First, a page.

Carnivorous Sponge Video!

You ask and we deliver! And if you have ever had any doubt we are the baddest blog ever, we have carnivorous sponge video! Bolstered by a commenter about the mechansism of flesh eating sponges, I asked Dr. Vacelet to give some more insight into this process.

I was pointed to Vacelet & Duport (2004) Prey capture and digestion in the carnivorous sponge Asbestopluma hypogea (Porifera: Demospongiae). Zoomorphology 123: 179-190). Dr. Vacelet was also kind enough to provide this description.

The prey, mostly small crustaceans and other invertebrates provided with setae or thin appendages, is trapped on the surface of appendages of the sponges, which is lined by tiny hook-like spicules acting as Velcro. Then the cells of the sponge migrate towards the prey, and individually phagocytize and digest fragment of the prey. This is a very unusual phenomenon in pluricellular animals, a unique case in which a non-microscopic prey is digested in the absence of any digestive cavity. This has been investigated in one species, but is likely general for all the carnivorous sponges (family Cladorhizidae), which are deep-sea species usually a few cm high (not really dangerous for a diver…).

But it gets better, there is video (note this requires Real Player and you need to select Une eponge carnivore on the right side)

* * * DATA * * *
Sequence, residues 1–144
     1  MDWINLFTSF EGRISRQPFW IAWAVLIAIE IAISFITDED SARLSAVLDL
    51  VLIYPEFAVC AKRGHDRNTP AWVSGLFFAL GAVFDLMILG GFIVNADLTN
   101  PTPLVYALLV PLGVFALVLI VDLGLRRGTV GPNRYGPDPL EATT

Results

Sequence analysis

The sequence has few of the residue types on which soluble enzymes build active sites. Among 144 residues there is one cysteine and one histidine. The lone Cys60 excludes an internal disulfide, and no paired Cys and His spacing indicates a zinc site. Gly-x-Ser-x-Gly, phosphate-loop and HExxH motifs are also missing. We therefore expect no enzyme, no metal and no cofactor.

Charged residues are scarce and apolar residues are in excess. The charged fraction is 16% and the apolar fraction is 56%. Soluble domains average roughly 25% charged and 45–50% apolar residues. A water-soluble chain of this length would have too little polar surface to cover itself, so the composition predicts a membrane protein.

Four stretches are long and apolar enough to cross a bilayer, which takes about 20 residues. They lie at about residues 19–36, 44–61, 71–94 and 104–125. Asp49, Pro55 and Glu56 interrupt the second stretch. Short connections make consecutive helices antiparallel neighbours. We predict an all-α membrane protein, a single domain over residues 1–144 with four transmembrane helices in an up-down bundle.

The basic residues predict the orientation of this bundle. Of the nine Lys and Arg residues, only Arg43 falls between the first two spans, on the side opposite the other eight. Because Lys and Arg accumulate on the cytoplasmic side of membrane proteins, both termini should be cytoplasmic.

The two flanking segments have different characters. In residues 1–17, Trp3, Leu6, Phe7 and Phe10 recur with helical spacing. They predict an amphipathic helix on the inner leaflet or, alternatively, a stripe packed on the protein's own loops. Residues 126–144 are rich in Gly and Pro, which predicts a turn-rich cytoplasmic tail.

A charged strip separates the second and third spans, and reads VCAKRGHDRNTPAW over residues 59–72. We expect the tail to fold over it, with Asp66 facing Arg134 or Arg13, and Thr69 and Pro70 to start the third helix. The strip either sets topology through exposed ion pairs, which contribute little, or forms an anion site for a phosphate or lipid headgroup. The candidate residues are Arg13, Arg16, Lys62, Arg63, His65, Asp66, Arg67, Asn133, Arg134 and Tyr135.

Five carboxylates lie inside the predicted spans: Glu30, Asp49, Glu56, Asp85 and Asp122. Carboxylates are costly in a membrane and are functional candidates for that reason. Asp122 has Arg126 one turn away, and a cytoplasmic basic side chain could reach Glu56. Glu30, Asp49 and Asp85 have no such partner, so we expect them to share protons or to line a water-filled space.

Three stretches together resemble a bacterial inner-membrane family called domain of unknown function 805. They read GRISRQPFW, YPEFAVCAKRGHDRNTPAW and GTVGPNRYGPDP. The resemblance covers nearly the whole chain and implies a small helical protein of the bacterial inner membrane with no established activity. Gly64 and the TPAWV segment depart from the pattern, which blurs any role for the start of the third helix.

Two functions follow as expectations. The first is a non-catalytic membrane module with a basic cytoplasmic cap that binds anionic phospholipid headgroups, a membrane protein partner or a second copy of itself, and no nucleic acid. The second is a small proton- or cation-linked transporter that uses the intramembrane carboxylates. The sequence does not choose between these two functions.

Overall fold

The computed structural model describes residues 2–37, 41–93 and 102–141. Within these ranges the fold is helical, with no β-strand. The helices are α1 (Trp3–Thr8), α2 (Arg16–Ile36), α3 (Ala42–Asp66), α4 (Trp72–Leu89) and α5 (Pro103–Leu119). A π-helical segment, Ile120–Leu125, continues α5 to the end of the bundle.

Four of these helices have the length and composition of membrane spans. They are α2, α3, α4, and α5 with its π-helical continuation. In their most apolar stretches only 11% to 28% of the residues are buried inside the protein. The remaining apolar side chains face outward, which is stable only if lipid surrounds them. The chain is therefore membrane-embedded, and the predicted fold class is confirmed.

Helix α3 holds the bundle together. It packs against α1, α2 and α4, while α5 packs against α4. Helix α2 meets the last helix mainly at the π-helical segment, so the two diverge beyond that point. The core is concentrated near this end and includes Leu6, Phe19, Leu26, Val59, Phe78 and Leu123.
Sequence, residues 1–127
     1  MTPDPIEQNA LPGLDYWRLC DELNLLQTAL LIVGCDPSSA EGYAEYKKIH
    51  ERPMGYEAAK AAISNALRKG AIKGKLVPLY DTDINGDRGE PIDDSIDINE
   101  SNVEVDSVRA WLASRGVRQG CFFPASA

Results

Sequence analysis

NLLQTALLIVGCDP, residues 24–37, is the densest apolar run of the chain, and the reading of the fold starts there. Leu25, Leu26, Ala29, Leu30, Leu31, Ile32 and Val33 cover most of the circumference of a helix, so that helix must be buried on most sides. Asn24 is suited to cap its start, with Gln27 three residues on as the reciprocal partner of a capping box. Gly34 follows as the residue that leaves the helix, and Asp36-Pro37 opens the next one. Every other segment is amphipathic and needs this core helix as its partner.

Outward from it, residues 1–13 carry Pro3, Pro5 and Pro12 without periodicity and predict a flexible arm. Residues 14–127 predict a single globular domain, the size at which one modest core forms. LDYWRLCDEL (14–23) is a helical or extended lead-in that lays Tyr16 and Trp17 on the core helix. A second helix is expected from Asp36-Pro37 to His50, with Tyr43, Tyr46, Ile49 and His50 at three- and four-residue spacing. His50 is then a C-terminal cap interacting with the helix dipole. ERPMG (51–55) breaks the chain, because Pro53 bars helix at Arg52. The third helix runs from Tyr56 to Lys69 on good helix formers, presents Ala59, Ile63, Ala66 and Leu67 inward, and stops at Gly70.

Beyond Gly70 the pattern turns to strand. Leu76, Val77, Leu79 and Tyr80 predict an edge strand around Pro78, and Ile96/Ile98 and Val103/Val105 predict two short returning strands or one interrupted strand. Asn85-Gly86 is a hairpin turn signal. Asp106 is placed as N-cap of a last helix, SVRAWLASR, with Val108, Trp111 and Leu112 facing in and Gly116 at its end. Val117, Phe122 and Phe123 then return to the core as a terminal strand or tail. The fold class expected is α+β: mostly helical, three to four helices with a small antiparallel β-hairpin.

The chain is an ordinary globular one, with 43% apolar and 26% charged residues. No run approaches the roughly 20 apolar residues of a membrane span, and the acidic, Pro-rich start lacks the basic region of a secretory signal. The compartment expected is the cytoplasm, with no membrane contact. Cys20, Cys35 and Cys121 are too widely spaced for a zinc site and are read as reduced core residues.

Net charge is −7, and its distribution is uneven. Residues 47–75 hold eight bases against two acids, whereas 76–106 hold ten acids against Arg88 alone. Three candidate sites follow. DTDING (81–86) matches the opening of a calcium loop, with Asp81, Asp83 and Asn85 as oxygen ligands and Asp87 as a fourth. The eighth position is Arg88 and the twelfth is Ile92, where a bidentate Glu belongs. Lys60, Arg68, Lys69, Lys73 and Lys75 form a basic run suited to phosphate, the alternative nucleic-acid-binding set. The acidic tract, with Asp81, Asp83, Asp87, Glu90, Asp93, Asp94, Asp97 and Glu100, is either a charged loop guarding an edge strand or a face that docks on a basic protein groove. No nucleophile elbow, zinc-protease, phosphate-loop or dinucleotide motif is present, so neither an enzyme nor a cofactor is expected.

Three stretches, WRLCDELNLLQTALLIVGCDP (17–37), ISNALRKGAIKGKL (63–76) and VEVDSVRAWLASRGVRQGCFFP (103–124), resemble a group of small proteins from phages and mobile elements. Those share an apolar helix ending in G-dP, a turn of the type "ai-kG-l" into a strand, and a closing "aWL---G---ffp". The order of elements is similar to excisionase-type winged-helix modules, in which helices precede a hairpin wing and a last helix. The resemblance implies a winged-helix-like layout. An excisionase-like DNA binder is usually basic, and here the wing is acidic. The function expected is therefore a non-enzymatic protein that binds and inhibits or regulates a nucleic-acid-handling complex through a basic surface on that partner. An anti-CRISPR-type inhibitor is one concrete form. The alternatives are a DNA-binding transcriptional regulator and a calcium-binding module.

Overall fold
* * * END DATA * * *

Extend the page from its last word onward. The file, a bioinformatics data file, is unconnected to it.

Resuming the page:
Dr. M (1801 Posts)

Craig McClain is the Executive Director of the Lousiana University Marine Consortium. He has conducted deep-sea research for 20 years and published over 50 papers in the area. He has participated in and led dozens of oceanographic expeditions taken him to the Antarctic and the most remote regions of the Pacific and Atlantic. Craig’s research focuses on how energy drives the biology of marine invertebrates from individuals to ecosystems, specifically, seeking to uncover how organisms are adapted to different levels of carbon availability, i.e. food, and how this determines the kinds and number of species in different parts of the oceans. Additionally, Craig is obsessed with the size of things. Sometimes this translated into actually scientific research. Craig’s research has been featured on National Public Radio, Discovery Channel, Fox News, National Geographic and ABC News. In addition to his scientific research, Craig also advocates the need for scientists to connect with the public and is the founder and chief editor of the acclaimed Deep-Sea News (, a popular ocean-themed blog that has won numerous awards. His writing has been featured in Cosmos, Science Illustrated, American Scientist, Wired, Mental Floss, and the Open Lab: The Best Science Writing on the Web.

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